What took them so long....

Discussion in 'Forex Brokers' started by cabletrader, Jun 24, 2008.

  1. Thanks for the link. I also don't understand why it has taken them so long, but it is a damn good move, fxcm and other crooks won't like this but for the retail trader it is really an impressive step forward.

    PS. It also doesn't look like it will be a Deutsche bank/fxcm scam platform.
  2. I'm in the CPG (or FMCG if you like) industry and I can tell you that, even if you have a great idea for a product, you won't introduce it when the market is too fragmented (ie, too many small players with small share). It's a waste of time to come into a market with 10 or so players and try to grab the #2 or 3 slot.

    Before all this action with the new NFA capital requirements, there were what...30 or so players? More? Why waste the time getting in a market like that when all you come out as is "noise".

    Now that there's a few big boys and that's it, a whole new market is created. Not to mention all the customers looking for a new home.

    That's your "why", in my opinion.
  3. siki13


    I don't know why are you all so exited,it`s
    still dealing desk trading they introduced.
  4. Right, that certainly makes sense and explains their waiting strategy. From what I can gather the platform has been in the development stage for quite a while, it makes you wonder just how long the NFA cap req's have been in the pipeline. Having said that, its seems US clients are excluded :confused:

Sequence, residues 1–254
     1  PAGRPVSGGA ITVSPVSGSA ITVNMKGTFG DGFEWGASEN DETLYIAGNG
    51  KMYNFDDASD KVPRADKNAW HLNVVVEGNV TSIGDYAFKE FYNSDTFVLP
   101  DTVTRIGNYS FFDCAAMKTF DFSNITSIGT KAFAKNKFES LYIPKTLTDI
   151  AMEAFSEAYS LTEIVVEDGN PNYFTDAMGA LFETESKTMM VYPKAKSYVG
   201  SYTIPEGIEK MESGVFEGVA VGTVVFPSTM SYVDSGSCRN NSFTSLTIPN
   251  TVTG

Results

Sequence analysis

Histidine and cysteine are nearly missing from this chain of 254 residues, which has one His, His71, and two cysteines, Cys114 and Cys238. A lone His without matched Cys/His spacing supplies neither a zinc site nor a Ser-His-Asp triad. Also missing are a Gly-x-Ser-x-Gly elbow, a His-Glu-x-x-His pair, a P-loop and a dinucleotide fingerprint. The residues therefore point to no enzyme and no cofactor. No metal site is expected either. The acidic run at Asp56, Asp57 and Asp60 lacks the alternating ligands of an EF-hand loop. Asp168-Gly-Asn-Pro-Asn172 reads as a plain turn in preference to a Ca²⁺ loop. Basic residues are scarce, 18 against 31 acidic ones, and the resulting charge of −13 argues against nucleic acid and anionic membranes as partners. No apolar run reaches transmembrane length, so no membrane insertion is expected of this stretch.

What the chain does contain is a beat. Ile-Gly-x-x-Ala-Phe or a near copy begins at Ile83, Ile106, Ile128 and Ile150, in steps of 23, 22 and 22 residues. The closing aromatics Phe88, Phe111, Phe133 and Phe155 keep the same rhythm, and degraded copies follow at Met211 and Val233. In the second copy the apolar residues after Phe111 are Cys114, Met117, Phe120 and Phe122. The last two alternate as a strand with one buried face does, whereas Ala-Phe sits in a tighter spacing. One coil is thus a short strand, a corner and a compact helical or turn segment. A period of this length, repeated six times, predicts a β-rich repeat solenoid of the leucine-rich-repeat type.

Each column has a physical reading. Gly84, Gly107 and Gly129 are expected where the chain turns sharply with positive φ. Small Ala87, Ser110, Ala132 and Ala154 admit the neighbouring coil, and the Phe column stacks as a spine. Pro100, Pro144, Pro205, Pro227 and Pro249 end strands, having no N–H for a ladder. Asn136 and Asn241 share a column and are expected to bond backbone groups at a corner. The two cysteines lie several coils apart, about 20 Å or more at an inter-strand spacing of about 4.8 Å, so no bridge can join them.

I'm trying the demo right now and it actually has quite a nice feel to it and some useful functions (guess I need to read the manual first!)

    And the best part is client funds are segregated and are protected to a degree by the FSA.

    Looking good so far.....

    siki13 They're all dealing desk, manual or automated it amounts to the same thing. The upside is they are their own liquidity providers so it cuts out the middle man and his price shading. Personally I think it's a leap forward for the retail industry.
  5. FX spreads aren't really competitive(nor are rolls and interest) - compared to ABN Amro's retail platform. ABN appears to be the only ibank who tries to be at least remotely competitive for retail traders. All the others (DB, RBS, UBS Citi..) just try to shove down horrible trading costs using their good name. No thanks..

    On the institutional Barx you can trade Eur/Usd on a 0.8 pip spread during active hours - and they still make a profit. I wonder whats the point on quoting > 2 pips when there are so many better alternatives ( and some of them have a good name too).
  6. Fair comment, so let's do a comparison, it might be interesting.

    As for spreads, there's one retail marketmaker quoting .9 on Eur/Usd for 1 unit upwards! But it's the price that orders get filled at which matters and how much they manipulate price, that .9 can easily turn into 4 or 5 pips + :eek:
  7. Yes, what was that all about? I asked DB and they went quiet. What's the deal and what are they trying to hide?